On being rescued: part 1

The other day I was writing the date on a prescription chart: 6th July 2010. I suddenly had a flashback to a most significant day in my life: 6th July 1989.

On that day, I caused the death of a 12 year old, severely disabled girl.

A child’s grave in Highgate Cemetery

I had been training as an anaesthetist for 17 months, and was getting quite cocksure about my abilities. This young girl turned up to have restorative dental work. I inserted a cannula into the vein, gave the drugs and intubated her windpipe for the anaesthetic gases. Then I felt the pulse. It wasn’t there.

We tried to resuscitate her for an hour. Nothing worked. My bosses assured me that these things happen, and I wasn’t to blame. One of them even said to me, that morning, “But for the Grace of God, go I.” As many of you will be familiar, memories of personal tragedies are burned into the memory with photographic clarity. I still can remember every single detail, 21 years later.

I reckon the start of my reconversion to Catholicism to that date, written in the UK  as 6/7/89.

That consecutive sequence of digits had a sadly profound effect on my next steps……

This story will be continued, but it is too long for a blog post. Lets take it in small measured paces.

For now, good reader, I would like to ask for comments detailing those moments in your lives that have proven crucial to your own life of Faith.

(Please note, I am not looking for hugs. Prayers, privately said, for me, thee, the girl, and her family are of course encouraged).

Continue to part 2


About Brother Burrito

A sinner who hopes in God's Mercy, and who cannot stop smiling since realizing that Christ IS the Way , the Truth and the Life. Alleluia!
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32 Responses to On being rescued: part 1

  1. Mundabor says:

    Extremely touching, Brother Burrito.

    I still can’t see the link between her heart ceasing to beat and your “causing her death”, but it is obvious that this horrible experience has marked you.

    Fortunately, in my life I never had to live such situations. I assume that a medical doctor is trained (or becomes trained) to deal with such events, thought when they come they must be like a load of bricks anyway.
    I often wonder how is the life of an oncologist, having to say to so many people that yes, they have a cancer and yes, it is malign and yes, it is very probably too late now. I assume they try to shut up the emotional component but again, is this possible?!…



  2. shieldsheafson says:

    Easter, April 2004; my stroke and nervous breakdown.
    Christmas, 2004; my pulmonary embolism.
    Sometime in 2005; a meeting with a remarkable man – a devout Buddhist – a psychologist who directed me (back) to Christianity.
    Christmas 2005; the diagnosis of my dearest friend’s pancreatic cancer.
    October 2007; my dearest friend’s death.
    January 2008; the tragic death of my son’s beloved and the witness of his crucifixion – ‘My God, Why have Your forsaken me?’
    October 2008; An Anglican priest, St. Mark and St Athanasius.
    Christmas 2008; I was passing a Carmelite Monastery and wandered in and spoke to a nun who remains unknown to me.

    After nearly 50 years, I knew then that I had finally come home – 25th December, 2008.

    All which I took from thee I did but take,
    Not for thy harms,
    But just that thou might’st seek it in My arms.
    All which thy child’s mistake
    Fancies as lost, I have stored for thee at home:
    Rise, clasp My hand, and come!”
    Halts by me that footfall:
    Is my gloom, after all,
    Shade of His hand, outstretched caressingly?
    “Ah, fondest, blindest, weakest,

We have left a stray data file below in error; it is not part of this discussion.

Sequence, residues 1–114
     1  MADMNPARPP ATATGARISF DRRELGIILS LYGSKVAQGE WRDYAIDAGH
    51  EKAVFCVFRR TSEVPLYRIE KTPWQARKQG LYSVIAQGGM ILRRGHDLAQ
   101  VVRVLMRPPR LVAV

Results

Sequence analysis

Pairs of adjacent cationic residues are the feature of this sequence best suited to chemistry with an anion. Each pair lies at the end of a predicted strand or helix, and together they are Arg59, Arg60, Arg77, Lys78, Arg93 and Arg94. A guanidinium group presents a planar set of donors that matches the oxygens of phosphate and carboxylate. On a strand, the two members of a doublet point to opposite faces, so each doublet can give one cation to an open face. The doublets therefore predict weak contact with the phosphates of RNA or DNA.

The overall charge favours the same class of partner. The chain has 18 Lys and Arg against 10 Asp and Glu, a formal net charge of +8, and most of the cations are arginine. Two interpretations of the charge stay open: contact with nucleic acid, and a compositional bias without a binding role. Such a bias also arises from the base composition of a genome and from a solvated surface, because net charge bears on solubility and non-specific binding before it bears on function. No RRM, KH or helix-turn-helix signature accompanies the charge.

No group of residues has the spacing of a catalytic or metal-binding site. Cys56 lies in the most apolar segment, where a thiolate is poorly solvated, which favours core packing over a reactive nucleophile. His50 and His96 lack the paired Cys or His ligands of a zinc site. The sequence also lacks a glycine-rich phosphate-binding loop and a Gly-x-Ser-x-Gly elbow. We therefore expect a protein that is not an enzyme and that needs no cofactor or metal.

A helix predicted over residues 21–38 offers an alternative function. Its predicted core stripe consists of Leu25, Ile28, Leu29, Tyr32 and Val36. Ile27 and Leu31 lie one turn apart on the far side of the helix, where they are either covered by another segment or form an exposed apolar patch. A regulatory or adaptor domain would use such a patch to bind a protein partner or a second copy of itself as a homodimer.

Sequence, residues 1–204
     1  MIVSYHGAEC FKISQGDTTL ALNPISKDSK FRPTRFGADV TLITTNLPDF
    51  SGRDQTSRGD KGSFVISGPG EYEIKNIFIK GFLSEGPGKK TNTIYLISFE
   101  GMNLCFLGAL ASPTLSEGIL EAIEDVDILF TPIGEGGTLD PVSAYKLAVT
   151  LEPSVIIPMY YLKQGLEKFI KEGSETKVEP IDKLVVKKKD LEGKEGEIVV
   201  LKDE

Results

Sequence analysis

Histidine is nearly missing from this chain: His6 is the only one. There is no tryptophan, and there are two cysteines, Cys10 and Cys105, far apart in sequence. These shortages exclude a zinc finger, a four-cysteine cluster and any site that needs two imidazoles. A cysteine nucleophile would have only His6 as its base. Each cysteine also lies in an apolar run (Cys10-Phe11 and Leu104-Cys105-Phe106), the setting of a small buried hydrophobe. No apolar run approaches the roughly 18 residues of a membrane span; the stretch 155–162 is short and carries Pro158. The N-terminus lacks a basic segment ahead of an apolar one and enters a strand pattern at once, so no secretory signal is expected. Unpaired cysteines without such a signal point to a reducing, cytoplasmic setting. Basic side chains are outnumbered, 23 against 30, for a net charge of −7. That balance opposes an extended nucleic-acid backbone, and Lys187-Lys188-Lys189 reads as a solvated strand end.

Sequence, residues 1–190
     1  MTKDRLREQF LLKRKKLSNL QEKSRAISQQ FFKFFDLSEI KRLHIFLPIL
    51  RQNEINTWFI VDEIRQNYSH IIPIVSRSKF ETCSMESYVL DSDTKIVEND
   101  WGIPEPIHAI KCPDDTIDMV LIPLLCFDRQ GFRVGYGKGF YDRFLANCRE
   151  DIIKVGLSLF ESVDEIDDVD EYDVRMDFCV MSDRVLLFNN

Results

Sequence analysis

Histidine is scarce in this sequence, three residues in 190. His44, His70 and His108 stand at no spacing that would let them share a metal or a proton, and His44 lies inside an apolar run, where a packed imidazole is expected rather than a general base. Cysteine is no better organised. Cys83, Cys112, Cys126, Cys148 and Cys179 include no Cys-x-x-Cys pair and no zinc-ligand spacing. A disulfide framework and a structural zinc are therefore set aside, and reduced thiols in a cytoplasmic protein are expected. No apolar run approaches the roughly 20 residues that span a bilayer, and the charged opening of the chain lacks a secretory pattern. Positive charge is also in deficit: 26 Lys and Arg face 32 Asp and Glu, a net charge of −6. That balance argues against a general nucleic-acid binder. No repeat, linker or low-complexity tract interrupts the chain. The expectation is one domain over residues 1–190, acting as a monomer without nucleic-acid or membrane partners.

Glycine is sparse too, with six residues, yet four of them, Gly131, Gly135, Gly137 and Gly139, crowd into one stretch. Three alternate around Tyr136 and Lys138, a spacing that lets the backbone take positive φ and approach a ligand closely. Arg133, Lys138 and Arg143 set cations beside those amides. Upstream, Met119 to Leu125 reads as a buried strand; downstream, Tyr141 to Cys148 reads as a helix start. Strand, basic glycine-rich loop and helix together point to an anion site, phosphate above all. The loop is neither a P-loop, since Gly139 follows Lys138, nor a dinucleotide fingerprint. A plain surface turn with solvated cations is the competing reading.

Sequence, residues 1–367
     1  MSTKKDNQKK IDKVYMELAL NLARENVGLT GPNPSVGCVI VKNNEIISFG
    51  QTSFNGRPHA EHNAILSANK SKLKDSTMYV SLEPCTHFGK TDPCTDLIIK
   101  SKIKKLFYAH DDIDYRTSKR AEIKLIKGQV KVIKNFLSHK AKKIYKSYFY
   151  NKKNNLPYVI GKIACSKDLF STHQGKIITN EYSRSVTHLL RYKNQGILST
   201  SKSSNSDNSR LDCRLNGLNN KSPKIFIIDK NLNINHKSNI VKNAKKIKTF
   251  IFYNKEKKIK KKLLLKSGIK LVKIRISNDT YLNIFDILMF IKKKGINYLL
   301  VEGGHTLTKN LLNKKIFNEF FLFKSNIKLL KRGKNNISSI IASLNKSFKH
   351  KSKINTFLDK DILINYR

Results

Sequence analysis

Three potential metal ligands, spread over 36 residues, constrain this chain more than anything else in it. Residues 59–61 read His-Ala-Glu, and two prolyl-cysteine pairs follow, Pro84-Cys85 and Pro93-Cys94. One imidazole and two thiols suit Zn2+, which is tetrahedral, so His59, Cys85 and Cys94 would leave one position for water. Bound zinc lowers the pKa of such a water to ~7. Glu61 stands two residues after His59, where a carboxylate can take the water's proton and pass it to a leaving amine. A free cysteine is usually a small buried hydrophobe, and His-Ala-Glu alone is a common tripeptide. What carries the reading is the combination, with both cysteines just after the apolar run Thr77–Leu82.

I am He Whom thou seekest!
    Thou dravest love from thee, who dravest Me

    Deo Gratias


  3. frererabit says:

    Hermanito Burro de Dios,
    A very powerful post of a new and different kind than we have had so far: for this is the stuff of conversion and faith, isn’t it? If we can expand the theme and let it grow, this too will help us establish a different kind of Catholic blog. The confessional element you introduce here is very moving indeed. How many of us could live with that and have the strength to carry on in the job. What a brave and loving Burro you are!

    For me, a moment of a slightly smaller conversion, a moment beyond the ‘political’ spirituality of the 1980s with it’s ‘Faith in the City’ report – for us Anglicans – and Jesuits feeding us all ‘liberation theology’ which was a very attractive formula: a simple sociological distortion of the theology of the Sermon on the Mount really. I was part of the enormous bereavement counselling team on 1989 after the Hillsborough football disaster when 90 Liverpool football club fans died when the barriers collapsed. In those days of Archbishop Derek Warlock and Bishop David Shepherd (who had incidentally been an Anglican observer at Vatican II and told me about it), the ecumenical project was in its final swansong, as the women deacons queued up to be priests and the Apostolic claims would be no longer even credible to the C of E traditionalists. It was a last vision of a project that was doomed, and I converted soon after.

    But the real moment of extraordinary power for me, which led to a broadening of my narrow political focus in the church came on the occasion of the Memorial Service for Victims of Hillsborough, a month after the event itself. (In the Catholic Metropolitan Cathedral – ‘Paddy’s Wigwam’ – a requiem Mass had been said on the Sunday (next day) with thousands in attendance gathered outside the cathedral. I was there.

    But the Anglican occasion a month later was a ‘tickets only’ event with all the important people from London in attendance. Mrs Thatcher was the main focus of the service and the attendant media.

    Your unfortunate Anglican Franciscan frere rabit was there to support a grieving family, but had been given the wrong colour coded ticket, so had to sit in the front row of the transept with all the police from South Yorkshire (reviled by the people of Liverpool for being ‘responsible’ for the deaths of nearly a hundred people).